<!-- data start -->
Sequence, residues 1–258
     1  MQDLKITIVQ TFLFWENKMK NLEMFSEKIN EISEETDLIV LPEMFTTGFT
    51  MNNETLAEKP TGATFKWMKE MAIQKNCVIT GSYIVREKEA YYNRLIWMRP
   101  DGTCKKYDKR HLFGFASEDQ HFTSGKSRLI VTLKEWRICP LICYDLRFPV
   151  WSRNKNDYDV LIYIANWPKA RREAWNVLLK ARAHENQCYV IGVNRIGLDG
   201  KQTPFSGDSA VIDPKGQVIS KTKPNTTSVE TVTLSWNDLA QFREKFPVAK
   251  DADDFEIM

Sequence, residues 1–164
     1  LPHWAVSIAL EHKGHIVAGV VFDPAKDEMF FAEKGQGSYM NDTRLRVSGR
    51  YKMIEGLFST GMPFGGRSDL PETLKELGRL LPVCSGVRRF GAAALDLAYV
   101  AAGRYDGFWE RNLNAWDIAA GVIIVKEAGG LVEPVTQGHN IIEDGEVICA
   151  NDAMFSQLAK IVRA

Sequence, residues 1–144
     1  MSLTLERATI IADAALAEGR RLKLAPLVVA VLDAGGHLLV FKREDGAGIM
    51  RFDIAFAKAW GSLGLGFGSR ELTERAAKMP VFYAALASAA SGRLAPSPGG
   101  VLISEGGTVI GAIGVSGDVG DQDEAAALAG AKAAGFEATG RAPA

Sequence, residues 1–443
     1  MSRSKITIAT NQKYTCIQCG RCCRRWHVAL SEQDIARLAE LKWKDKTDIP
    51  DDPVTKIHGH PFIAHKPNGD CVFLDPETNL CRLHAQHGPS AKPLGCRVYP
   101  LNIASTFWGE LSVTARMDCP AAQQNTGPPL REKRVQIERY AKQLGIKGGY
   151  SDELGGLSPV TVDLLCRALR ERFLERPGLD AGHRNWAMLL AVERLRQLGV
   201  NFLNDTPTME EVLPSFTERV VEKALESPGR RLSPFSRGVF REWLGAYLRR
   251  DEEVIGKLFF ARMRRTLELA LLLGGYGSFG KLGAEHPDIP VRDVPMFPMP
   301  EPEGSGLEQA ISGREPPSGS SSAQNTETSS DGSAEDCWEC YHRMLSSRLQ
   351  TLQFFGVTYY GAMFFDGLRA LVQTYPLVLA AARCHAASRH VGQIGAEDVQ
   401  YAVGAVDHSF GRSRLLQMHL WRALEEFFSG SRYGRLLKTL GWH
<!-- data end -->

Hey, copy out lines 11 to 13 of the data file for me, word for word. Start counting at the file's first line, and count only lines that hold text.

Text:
   101  AAGRYDGFWE RNLNAWDIAA GVIIVKEAGG LVEPVTQGHN IIEDGEVICA
   151  NDAMFSQLAK IVRA

Sequence, residues 1–144